Cobb, who played in the NFL for seven seasons following his time on Rocky Top, spent the past 10 years as a scout with the San Francisco 49ers.
Our thoughts, prayers and condolences go out to anyone impacted by Cobb’s untimely death.
As Miami was closing out the first spring under new head coach Manny Diaz, former Miami head coach Mark Richt was close by keeping an eye on things with his former program. On Saturday, it was announced Richt will be heading to a role in television and he said what so many coaches in similar positions have suggested before; he is content away from coaching and not planning a comeback.
Not yet, at least.
Richt was officially announced to be the newest member of the college football TV crew being put together by ESPN for the upcoming ACC Network. With plenty of experience in and around the ACC in his coaching career, not to mention his extended period of time in the SEC, Richt should fit right in with the target audience for the ACC Network, which will launch later this year.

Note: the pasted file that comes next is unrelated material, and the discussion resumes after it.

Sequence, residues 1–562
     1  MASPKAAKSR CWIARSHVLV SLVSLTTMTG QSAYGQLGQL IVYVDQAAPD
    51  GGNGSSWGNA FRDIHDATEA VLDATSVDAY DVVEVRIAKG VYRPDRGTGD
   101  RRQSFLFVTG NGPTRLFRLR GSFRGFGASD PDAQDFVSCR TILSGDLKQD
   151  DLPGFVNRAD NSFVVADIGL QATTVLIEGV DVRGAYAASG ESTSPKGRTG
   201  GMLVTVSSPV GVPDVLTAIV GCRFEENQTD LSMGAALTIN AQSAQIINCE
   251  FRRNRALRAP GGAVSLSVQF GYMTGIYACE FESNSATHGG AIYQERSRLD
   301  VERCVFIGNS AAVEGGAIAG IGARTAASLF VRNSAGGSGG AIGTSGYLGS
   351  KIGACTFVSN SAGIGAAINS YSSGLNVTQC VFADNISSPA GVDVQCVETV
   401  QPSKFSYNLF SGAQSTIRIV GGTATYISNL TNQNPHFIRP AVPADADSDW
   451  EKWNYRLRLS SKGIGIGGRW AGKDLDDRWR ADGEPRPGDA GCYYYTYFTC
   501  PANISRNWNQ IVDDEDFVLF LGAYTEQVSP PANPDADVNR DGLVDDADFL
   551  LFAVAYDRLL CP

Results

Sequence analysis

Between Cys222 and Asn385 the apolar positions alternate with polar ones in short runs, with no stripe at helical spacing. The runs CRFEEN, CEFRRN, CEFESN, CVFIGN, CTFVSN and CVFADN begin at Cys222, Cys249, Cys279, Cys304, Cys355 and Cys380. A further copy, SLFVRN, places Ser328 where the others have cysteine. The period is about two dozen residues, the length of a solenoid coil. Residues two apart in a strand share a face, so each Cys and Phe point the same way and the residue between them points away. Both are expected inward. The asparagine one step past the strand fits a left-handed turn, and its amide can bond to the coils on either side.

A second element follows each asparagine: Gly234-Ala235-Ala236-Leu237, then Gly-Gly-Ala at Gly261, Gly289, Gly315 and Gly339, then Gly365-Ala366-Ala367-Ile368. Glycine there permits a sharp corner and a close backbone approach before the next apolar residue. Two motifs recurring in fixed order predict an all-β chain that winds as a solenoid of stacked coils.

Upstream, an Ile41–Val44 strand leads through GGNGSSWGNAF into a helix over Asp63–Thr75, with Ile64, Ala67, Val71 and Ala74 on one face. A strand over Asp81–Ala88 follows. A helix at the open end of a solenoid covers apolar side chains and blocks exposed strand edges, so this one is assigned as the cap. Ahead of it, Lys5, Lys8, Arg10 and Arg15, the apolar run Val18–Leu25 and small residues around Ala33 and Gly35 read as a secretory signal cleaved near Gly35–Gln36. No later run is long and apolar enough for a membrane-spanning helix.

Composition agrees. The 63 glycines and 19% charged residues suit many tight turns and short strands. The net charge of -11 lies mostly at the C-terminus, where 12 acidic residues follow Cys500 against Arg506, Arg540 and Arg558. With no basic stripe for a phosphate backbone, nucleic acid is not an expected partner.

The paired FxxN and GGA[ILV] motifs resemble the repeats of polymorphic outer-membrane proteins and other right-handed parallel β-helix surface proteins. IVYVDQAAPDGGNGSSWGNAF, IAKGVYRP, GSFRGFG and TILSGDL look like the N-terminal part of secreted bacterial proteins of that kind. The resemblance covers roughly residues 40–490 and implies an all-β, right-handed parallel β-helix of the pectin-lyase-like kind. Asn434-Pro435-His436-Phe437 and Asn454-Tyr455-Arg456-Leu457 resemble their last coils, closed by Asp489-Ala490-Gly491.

“I was able to coach for 12 seasons in the ACC, and so, I’m very excited about the opportunity to join ACC Network as a football analyst,” Richt said in a released statement. “I’m not only looking forward to helping tell the story of one of the greatest football conferences in America but also staying close to the game that I love so much.”
The obvious question is just how long will Richt remain in a TV role? Maybe he truly is ready for life after coaching, but history has shown many coaches using TV jobs as temporary placeholders before the next coaching opportunity comes along. Urban Meyer spent one year in the booth calling games for ESPN after retiring from Florida before heading to Ohio State (Meyer, of course, is back in TV as an analyst for FOX Sports this season). Rich Rodriguez spent a cup of coffee with CBS Sports Network after losing his job at Michigan before he eventually returned to coach at Arizona. Even Mack Brown is making his long-awaited return to the sideline this season at North Carolina after spending years with ESPN after retiring from Texas.
Richt may still have some coaching gears in him that will get him to come back at some point, but for now, that’s not the plan he is putting out there. If the right offer comes along, who knows. For the 2019 season, at least, we’ll get to see how Richt does on TV.
Helmet sticker to Sports Illustrated.